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  • 5.40 - you sure? Health Services are under Part B of the European procurement rules - hence why some member states do not mandate or even allow tendering for health services. This whole thing is really unclear. If all contracts should be tendered every so often - what about hospital/GP and other contracts. To market test these on a reasonably regular basis would bring the whole of commissioning rapidy to a halt. Plus the experience of tendering health services (eg OOHs, NHS111) does not have the best track record of improving services or even saving money.

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  • 5:40 back again. Absolutely sure, 8:15.

    Read the EU Interpretative Communication 2006/C 179/02 on sub-threshold and Part B procurement.

    The content of this IC is reflected in the updated PCR's that came into force recently.

    Worth bearing in mind the REQUIREMENT (i.e. not a "can fine" but a "MUST fine" situation) for the courts to impose dissuasive penalties for organisations found to be in breach of the regs.

    I am unaware of any UK cases so far, but there have been some brought by ECJ in other countries.

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  • 9.13 - the point surely, as you acknowledge yourself, is that it was ignored - additionally something has clearly changed otherwise why the blizzard of publicity and the need for legislation?- whatever the clauses and regs you're quoting you are ignoring the general point

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  • 9:13 back again.

    Not ignoring the fact that it was ignored, 9:54 - in fact I made that point in the first place (post @ 5:40)!

    I think there's a general concern about the fact that there are now independent organisations who have made it very clear that they ARE interested in providing medical services.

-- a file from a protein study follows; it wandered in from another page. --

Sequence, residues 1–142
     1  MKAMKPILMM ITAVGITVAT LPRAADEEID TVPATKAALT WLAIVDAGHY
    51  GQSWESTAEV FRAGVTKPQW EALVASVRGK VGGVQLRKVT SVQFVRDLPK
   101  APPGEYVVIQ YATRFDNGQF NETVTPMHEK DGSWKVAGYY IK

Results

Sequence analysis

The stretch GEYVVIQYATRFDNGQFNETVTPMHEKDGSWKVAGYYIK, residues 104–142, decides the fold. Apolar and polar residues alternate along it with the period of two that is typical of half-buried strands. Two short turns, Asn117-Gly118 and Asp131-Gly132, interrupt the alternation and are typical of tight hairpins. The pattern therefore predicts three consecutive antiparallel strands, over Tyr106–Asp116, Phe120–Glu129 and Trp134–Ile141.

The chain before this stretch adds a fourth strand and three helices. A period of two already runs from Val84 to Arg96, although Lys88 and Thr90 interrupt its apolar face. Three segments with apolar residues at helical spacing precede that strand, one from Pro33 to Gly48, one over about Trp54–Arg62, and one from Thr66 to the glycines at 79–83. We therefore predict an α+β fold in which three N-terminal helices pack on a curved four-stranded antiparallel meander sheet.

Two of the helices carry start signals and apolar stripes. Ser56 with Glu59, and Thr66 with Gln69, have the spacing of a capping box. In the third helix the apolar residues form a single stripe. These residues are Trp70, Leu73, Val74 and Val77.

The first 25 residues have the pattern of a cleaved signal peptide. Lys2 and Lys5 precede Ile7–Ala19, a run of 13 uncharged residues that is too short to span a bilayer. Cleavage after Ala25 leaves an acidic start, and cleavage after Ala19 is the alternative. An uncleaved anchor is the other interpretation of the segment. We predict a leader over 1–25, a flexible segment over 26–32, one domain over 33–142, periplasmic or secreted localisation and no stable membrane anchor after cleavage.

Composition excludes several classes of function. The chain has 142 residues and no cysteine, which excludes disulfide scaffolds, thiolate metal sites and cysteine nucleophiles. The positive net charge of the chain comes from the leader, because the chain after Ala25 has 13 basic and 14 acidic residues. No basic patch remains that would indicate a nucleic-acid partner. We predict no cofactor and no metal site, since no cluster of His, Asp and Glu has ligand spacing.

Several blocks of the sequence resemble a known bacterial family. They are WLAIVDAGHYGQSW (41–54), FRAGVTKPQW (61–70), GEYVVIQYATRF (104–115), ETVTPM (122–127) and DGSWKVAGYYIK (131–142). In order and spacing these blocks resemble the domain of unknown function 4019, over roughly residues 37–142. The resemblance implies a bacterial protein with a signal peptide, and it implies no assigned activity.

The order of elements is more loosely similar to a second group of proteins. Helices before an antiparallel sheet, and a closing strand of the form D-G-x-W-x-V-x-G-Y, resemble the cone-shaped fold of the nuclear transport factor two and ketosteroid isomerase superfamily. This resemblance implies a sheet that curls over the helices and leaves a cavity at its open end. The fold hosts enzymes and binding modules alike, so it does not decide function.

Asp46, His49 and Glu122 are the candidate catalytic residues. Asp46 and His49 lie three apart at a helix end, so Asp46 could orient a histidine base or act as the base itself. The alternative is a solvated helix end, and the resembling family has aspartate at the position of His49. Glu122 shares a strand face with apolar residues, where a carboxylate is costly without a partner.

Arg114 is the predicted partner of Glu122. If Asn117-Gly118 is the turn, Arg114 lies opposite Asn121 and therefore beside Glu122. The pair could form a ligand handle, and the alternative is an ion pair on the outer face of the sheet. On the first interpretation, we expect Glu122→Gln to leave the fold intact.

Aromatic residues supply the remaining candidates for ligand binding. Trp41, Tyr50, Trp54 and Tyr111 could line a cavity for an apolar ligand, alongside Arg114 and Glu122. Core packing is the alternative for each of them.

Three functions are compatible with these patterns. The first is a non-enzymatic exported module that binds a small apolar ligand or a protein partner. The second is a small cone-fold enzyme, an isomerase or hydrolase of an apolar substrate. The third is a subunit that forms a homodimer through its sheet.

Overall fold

As a result, the sector as a whole can't claim that they are meeting their obligations if they are ignoring all of the issues around transparency, non-discrimination etc.

    The inclusion of S75, and debate around this, has however brought the matter to the fore - in effect opening Pandora's Box - and, now that it's "out there" it is perhaps more likely that independents will challenge awards made without advertising etc.

    If you'd like a conspiracy theory, was s75 included in order to trigger this debate? Or by kicking off about s75, have those opposed to it accidentally forced things further in the opposite direction than if they'd let sleeping dogs lie? I don't think we'll ever know.

    Personally, I suspect s75 was intended as a gentle nudge to remind people to compete a few services and it's all blown up bigger than originally intended.

    Irrespective, as mentioned in earlier post, the concern I'd have if I were a CCG is that breach of the new PCR's requires the courts to impose penalties and "the
    overriding consideration is that the penalties must be effective, proportionate and dissuasive"

    See section 47N: http://www.legislation.gov.uk/uksi/2009/2992/pdfs/uksi_20092992_en.pdf

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  • The TCS contract question hangs over a number of providers, including many in the FT pipeline. Many of us face the prospect of re-tendering this year. Whilst my trust think that we can compete strongly for contract retention, the whole process would be time consuming and costly. Additionally it would create further uncertainty for our community based staff who enjoy being part of an integrated FT. If integration is now supposed to be encouraged, then some national steer on this would be most helpful.

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  • Whilst you lot are pondering over legality the ministers are lining up their board of director fees with the companies that will be taking over this lot. Get real it's all over!

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  • It's far from all over 9.52! Reality will come to bear...

    Despite what the law may say, if most of the rest of Europe doesn't regularly and repeatedly tender their healthcare services (and they don't) then there is a way through this.

    And the more that commercial procurement process are applied, the higher (much higher!) the transaction and "management costs" will be, and letting those rise will become politically unsupportable.

    That's not to say that commercial procurement doesn't have a place, it does in difficult and selected cases, but not everywhere all the time!

    CEO retd

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  • Interesting to re-read this story alongside today's headlines about full integration of health and social care by 2017...